Several years ago, AirAsia was launching a new flight route from Sydney and wanted to increase travelers’ awareness of it. The problem was that they didn’t have a massive marketing budget, or at least not enough to challenge bigger industry players.
To promote the new route, AirAsia ran a competition on Facebook called Friendsy. Users stood the chance to win a flight for themselves and 302 of their friends (basically a whole plane) by tagging them in a seating plan. Because the act of tagging someone automatically shares the post, it didn’t take long for this campaign to go viral.
As a result of the Friendsy campaign, AirAsia achieved an impressive response and increase in awareness metrics.
- 30% increase in Facebook fans
- 12,500 contest registrations
- Over 2 million users reached (roughly 20% of Australians using Facebook)
- Estimated PR value of $1.7 million
#2: Drive Traffic/Leads
Website traffic and sales leads are the metrics associated with sales and revenue. By nature, social media platforms, with their labyrinth of hyperlinks and clickable media, make the process of growing sales and revenue pretty easy. However, driving traffic and leads requires a good understanding of what motivates users to click.
You could set a goal to drive traffic and leads if your sales are stagnant, if your website’s content isn’t getting much attention, or if you want to support your inbound marketing funnel. In this Facebook ad, JAM invites potential subscribers to learn more about their online courses for kids and sign up for a free trial.
Traffic and Lead Metrics to Track
When you’re aiming to increase traffic and leads, analytics should be your bread and butter. They’ll tell you exactly how well your social traffic and lead generation efforts are paying off. Here are the analytics you should be tracking:
- Traffic (page views) from social referrals
- Social referral session duration (bounce rate)
- Form submission from social referrals (email subscriptions, gated content signups, Contact Us forms)
- Social referral sales conversion rate
Although traffic, leads, and conversions matter, you should also look at actual revenue generated from your social media referrals. If your social conversions aren’t contributing as much revenue as your traditional conversions, your source might have an issue with traffic/lead quality.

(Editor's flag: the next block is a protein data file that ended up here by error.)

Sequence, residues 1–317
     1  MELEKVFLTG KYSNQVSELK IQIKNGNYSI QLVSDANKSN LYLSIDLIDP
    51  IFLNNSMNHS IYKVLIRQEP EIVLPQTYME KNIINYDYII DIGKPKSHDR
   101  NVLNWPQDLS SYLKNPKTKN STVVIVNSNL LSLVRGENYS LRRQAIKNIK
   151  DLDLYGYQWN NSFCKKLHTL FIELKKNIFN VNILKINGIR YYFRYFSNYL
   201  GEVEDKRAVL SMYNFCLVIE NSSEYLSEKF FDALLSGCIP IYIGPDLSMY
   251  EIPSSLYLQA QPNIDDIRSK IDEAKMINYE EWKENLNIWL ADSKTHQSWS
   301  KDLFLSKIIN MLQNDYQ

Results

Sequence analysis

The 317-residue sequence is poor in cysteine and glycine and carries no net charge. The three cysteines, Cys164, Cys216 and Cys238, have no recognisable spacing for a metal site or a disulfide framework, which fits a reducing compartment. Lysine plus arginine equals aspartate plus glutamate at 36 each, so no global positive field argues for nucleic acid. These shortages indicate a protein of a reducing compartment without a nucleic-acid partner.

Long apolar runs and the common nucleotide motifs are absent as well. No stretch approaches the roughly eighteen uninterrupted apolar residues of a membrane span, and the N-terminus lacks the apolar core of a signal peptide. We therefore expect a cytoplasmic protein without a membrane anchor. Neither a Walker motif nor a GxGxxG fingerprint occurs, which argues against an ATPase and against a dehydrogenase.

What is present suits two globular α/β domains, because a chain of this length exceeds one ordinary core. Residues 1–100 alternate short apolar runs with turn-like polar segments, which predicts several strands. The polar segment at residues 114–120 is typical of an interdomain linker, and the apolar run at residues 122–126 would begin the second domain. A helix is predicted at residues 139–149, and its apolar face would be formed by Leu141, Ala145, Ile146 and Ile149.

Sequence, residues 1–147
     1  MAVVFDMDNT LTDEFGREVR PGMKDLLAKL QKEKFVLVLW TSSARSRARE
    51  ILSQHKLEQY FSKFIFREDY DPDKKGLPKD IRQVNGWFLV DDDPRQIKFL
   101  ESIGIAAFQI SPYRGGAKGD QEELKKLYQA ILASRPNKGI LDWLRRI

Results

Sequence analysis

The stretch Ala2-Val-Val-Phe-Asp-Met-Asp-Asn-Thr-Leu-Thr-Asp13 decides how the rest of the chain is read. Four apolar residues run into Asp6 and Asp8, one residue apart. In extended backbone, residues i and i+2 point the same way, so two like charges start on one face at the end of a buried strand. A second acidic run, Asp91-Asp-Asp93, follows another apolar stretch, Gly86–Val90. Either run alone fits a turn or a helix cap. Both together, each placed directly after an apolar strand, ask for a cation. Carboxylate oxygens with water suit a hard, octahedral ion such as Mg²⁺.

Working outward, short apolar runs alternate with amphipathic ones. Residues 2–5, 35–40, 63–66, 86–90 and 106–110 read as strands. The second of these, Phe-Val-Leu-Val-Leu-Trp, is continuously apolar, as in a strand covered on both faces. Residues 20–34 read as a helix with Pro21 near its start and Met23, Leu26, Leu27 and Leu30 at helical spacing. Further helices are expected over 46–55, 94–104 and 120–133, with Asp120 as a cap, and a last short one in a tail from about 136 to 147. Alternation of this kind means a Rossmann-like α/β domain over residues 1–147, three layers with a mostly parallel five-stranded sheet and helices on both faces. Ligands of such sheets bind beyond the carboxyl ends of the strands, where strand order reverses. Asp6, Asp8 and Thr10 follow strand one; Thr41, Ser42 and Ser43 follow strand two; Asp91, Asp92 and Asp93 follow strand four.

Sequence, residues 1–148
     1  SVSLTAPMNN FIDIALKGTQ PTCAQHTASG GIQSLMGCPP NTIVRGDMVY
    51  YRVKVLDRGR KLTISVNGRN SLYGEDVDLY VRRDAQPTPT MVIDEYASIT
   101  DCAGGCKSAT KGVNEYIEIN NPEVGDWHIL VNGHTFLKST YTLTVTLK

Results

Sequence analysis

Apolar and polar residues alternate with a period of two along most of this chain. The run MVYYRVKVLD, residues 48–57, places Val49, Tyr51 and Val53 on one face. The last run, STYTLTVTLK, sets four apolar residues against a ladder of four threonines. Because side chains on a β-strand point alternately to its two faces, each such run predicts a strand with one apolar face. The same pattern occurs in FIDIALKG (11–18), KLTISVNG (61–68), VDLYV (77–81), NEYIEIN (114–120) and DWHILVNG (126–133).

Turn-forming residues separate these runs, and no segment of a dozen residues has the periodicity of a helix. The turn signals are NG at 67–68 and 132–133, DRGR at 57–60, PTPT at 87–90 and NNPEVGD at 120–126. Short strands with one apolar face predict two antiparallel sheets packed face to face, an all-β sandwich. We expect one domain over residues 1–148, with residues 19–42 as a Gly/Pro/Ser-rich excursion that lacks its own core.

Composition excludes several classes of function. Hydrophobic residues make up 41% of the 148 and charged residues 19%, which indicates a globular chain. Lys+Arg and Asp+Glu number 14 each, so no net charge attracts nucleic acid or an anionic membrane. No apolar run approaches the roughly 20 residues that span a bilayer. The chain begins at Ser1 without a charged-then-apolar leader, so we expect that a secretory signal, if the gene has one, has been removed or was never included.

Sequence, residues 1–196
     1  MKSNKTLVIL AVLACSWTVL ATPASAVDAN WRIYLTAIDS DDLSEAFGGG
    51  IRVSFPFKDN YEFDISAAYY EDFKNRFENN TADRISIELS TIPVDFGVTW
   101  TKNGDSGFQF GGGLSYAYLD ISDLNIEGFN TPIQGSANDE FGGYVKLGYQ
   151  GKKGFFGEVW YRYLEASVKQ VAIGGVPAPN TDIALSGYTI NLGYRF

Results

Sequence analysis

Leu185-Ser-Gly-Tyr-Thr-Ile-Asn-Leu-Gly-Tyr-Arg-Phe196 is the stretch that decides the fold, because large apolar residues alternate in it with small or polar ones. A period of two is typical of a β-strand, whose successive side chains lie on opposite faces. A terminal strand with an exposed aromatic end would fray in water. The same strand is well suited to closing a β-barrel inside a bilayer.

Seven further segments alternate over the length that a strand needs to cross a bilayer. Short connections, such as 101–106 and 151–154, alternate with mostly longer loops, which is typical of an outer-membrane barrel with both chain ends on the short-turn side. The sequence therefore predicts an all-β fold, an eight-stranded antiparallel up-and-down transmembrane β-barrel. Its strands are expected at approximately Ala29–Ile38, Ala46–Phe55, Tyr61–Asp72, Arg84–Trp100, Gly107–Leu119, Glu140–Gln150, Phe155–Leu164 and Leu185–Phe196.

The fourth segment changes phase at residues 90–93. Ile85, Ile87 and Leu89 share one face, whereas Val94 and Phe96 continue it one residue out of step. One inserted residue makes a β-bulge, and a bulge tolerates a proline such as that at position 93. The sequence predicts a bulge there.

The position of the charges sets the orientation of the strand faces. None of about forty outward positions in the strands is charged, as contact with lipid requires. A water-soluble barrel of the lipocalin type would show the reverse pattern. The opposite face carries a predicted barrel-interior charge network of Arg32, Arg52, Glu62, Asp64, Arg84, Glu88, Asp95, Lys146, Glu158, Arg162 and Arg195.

How to Drive Traffic and Leads
In Social Media Examiner’s 2017 Social Media Marketing Industry Report, 78% of survey respondents said social media marketing helped them increase traffic. This response indicates that businesses would do well to take advantage of social referrals.
To drive traffic, make your main strategy creating awesome content for your target audience. The more specific and relevant your content is to your target audience, the better your conversion rates from social referrals will be. For example, this Host Analytics ad promotes a white paper on Microsoft Excel, a topic that appeals to the target audience of finance professionals.
You can combine several strategies to increase traffic and leads. For starters, make sure your profile is consistent with your brand aesthetic so users’ expectations are met. Also, link to your site whenever it’s appropriate. Link back to your website in your bio, your branded posts, and anywhere else that allows you to insert a relevant call to action.
As you create content, promote your latest blog posts and content offers (ebooks, white papers, templates, etc.) on a regular basis to drive traffic to your branded assets. Repromote your best-performing content to further increase reach and exposure potential.
Advertising and influencers can also help promote your content. When you invest in social media advertising, make sure it’s highly targeted so you don’t waste money on irrelevant traffic. An influencer can share a link to your website with their audience and help you create content that both your followers and their followers will enjoy.
IBM’s Lead Generation Campaign
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IBM empowers its staff to engage with its audience via social media. For instance, sales teams can join existing social media conversations and use them to find and collect new leads, and the company has well-defined Social Computing Guidelines.